The Student Loan “Crisis” In Context

I’ve been doing some long-over-due cleaning out of old files and papers the past week or so (call it the flooded-basement stimulus program). Among the documents I rediscovered were my student loan payment records. (You’d think that etched stone tablet would be hard to miss, right?) Yes, I did actually pay off my student loans–ahead of time, even. But what struck me was the interest rate I was charged on my subsidized federal student loans: a whopping 8%.

It got me wondering about the current “crisis” over student loan interest rates, which yesterday jumped to a fixed 6.8% (from 3.4%) for most subsidized loans in the coming school year, and how this new rate compared to historical student loan interest rates. A quick look at‘s report of historical student loan rates is very revealing:

  1. 6.8% is the fixed rate that Congress had originally approved for the 2006-07 and 07-08 academic years, before Congress started cutting it down to the recent fixed 3.4% rate. So the jump essentially restores the pre-recessionary interest rates.
  2. Prior to 2006, subsidized student loan rates were substantially lower, but were adjustable-rates, not fixed. Congress set the fixed rate for 2006-07 because the adjustable rate formula was resulting in higher interest rates that year (7.14% in 06-07 and 7.22% in 07-08). Congress apparently foresaw a future of higher interest rates, making a fixed 6.8% seem like a deal. Nice job, Congress!
  3. But then a funny thing happened on the way through the recession–all those adjustable rate loans from pre-2006 suddenly got a lot cheaper as Bernanke and gang pushed interest rates down. Just when Congress thought they “fixed” the student loan problem by fixing interest rates, they instead cost students (and taxpayers) millions of dollars in extra interest payments (or loan defaults, in the case of taxpayers). Students paying on loans made prior to July 2006 paid only 2.47% interest in 2010-11 compared to 4.5% for loans made that year….or 6.8% for loans made in 2006-08. FinAid doesn’t have numbers up for 2011-12, but given where interest rates have been it is a safe bet that the adjustable rate was still below the 3.4% for loans made that year. Nice job, Congress!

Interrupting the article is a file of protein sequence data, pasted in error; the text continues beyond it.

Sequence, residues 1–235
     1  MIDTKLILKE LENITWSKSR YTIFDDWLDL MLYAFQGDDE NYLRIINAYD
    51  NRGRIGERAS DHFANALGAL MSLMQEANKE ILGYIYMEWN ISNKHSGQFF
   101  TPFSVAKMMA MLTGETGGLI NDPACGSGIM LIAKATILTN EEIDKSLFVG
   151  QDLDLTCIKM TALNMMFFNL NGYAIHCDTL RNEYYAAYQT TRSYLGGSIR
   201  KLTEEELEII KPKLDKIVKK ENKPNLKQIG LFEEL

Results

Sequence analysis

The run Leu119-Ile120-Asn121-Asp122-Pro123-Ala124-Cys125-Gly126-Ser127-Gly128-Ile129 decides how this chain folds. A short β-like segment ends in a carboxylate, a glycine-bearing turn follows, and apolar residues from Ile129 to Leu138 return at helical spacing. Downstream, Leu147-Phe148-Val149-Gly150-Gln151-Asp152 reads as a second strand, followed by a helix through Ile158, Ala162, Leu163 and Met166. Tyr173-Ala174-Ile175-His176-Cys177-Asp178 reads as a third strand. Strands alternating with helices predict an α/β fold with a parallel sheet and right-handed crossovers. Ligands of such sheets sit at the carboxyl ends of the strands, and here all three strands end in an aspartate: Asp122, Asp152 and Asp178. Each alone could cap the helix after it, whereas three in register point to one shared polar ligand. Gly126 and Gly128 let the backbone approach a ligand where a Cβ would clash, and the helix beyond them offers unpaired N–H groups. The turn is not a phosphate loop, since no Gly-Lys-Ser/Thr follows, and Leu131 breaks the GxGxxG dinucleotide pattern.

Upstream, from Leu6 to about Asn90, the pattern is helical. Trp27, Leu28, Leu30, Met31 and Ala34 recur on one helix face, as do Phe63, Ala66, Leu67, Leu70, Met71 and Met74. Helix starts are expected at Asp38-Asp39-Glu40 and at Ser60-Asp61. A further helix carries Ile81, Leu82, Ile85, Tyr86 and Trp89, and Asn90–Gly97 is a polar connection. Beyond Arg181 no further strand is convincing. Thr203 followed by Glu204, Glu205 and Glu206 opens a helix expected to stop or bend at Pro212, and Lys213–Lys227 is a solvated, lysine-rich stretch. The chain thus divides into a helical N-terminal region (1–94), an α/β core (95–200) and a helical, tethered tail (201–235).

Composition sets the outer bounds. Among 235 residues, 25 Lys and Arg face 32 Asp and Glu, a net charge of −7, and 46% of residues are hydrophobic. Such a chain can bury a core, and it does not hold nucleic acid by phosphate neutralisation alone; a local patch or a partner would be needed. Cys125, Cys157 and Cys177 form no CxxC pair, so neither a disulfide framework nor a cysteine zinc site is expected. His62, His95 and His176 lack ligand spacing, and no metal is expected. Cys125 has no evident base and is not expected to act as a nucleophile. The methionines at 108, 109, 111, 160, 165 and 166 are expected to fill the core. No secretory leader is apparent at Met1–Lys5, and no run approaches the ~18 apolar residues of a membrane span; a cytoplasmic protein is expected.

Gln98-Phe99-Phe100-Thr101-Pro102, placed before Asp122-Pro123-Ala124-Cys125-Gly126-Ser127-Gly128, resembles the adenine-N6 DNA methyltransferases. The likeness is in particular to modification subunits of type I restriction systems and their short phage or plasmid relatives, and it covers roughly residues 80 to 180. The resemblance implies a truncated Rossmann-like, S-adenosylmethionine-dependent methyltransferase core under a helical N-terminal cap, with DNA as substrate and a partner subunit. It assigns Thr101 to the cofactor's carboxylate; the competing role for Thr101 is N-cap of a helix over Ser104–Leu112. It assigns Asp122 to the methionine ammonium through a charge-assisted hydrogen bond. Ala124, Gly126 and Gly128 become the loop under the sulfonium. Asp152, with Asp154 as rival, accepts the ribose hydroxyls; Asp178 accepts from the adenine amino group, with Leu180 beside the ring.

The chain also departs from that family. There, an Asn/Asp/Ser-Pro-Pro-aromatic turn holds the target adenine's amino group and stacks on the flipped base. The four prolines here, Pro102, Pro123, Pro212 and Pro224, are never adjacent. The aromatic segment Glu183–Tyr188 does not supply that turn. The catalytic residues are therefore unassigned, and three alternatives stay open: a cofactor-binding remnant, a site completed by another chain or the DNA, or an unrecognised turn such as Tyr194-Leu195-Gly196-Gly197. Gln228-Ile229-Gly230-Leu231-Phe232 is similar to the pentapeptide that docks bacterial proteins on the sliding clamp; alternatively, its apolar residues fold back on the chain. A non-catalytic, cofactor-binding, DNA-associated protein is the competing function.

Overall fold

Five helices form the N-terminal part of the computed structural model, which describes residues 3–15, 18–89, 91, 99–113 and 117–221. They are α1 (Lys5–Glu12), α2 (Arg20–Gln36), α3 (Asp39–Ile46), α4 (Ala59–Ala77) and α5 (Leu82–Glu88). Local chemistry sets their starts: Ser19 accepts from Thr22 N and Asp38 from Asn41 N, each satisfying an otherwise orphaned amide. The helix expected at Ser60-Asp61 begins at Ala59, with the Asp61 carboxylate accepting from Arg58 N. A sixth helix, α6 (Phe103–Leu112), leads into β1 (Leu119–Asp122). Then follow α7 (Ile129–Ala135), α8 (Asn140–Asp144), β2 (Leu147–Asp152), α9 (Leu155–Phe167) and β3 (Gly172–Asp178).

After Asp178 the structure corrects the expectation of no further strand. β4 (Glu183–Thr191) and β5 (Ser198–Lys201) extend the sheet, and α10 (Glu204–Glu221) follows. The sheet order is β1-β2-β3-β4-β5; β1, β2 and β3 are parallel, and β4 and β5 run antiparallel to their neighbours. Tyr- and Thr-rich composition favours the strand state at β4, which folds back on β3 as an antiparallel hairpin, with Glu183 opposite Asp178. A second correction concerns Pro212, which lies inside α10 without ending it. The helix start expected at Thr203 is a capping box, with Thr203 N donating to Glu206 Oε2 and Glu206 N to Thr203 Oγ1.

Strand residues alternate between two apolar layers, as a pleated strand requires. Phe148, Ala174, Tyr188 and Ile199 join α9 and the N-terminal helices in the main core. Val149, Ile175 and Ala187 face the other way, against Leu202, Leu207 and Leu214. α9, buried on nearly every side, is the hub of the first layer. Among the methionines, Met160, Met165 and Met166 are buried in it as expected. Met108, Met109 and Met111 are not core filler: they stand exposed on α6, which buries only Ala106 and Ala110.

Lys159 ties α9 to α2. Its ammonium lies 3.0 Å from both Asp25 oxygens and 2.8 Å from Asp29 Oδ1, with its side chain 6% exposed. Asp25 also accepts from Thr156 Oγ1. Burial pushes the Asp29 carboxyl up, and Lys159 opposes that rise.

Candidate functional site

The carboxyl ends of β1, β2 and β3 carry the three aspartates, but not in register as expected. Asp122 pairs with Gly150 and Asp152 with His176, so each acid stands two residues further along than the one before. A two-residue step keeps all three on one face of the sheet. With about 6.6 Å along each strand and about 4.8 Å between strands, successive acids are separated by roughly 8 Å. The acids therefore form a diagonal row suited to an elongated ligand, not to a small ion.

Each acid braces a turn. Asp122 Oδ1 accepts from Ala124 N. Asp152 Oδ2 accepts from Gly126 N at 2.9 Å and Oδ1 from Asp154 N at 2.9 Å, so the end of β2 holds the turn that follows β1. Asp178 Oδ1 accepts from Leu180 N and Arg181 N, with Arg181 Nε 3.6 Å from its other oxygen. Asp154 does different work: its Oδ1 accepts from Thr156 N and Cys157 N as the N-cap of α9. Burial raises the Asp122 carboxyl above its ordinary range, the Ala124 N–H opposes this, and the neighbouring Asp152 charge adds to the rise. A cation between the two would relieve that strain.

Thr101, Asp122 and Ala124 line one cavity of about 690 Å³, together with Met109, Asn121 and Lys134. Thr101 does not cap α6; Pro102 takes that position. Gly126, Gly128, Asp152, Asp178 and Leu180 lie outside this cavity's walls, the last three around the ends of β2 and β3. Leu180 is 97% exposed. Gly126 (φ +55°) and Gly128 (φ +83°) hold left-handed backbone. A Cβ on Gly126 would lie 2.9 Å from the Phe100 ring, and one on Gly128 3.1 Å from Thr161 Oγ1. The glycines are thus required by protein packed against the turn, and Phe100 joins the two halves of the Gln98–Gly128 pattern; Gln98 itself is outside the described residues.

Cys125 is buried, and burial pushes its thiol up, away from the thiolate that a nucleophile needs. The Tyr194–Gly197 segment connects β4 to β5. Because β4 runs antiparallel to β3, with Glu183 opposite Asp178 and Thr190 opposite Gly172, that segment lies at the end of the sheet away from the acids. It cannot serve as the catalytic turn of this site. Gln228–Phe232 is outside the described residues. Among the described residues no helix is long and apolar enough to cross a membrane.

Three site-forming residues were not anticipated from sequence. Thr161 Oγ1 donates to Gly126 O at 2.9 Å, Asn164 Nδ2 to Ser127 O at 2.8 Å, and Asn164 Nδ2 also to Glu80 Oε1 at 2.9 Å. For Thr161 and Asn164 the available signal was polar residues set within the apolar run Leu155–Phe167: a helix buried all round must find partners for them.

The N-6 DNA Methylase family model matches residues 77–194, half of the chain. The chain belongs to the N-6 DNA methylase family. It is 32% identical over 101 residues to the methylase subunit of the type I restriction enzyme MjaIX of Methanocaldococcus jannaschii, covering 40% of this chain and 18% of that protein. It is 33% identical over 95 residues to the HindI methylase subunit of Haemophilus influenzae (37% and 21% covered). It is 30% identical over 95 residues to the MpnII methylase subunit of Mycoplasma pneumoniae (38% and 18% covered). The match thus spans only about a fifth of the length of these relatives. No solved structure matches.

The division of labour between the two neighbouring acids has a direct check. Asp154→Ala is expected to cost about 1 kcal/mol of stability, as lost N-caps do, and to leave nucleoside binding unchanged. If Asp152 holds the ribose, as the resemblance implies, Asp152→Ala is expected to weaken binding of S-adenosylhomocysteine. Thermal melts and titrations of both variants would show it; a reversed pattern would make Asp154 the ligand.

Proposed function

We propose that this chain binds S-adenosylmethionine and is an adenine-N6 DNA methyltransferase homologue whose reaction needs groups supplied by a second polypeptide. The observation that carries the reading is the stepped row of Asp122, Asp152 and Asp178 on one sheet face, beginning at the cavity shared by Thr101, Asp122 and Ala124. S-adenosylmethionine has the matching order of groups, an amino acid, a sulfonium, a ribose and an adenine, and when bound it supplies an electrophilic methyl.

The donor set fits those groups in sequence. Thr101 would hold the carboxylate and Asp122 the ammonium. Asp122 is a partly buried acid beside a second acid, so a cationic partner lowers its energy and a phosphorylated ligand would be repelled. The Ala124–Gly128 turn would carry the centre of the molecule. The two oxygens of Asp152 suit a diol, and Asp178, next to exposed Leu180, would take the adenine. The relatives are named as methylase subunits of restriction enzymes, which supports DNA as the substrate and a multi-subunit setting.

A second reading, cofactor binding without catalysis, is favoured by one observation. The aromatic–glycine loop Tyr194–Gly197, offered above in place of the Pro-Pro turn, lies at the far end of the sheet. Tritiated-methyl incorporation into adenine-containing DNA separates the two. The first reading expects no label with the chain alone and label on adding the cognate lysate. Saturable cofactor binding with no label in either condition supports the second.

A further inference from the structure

And therein lies the heart of the current debate: Continue reading The Student Loan “Crisis” In Context

Misguided Student Loan “Solutions”

ABC News is reporting that Congress is set to take up a student loan fix, but it’s difficult to fix a problem you have yet to define–much less understand. But when has that ever stopped Congress before?

What is the “student loan problem” to be fixed? The immediate issue is that the interest rate for new federally subsidized loans is set to double on July 1, from 3.4% to 6.8%. Republicans are offering a plan that would keep rates from going up as much in the short-term, but could potentially increase several years down the road (assuming Congress wouldn’t step in to stop it then…as they’re trying to now). Democrats, on the other hand, simply want to extend the current 3.4% rate…ostensibly for just two years, while working on a long-term fix (a familiar tune). Democrats believe that, by keeping the price of student loans artificially low, they are helping the average person or family better afford college.

And this is the point where economic reality (and the real student loan problem) is promptly ignored. Continue reading Misguided Student Loan “Solutions”

The Real Problem With Student Loans

Suppose you want to make an investment in a long-term asset that pays off over the next 45 years. You go to the bank and ask for a loan to pay the up-front cost of the investment with the promise to pay the funds back once the asset begins paying returns.  The bank offers to loan you the funds at an interest rate of X% that reflects the risk-adjusted cost of making the loan based on the riskiness of the asset and your likelihood of repayment.

In any normal context, you would look at the interest rate, look at the expected payoff of the investment, and determine whether or not the investment still made sense given the cost of borrowing the money. If the cost of the loan to make the investment was higher than the expected payoff, then you would either seek a cheaper loan or you would forgo the investment.

That is, unless it’s a student loan. And THAT is why we have a student debt problem. Continue reading The Real Problem With Student Loans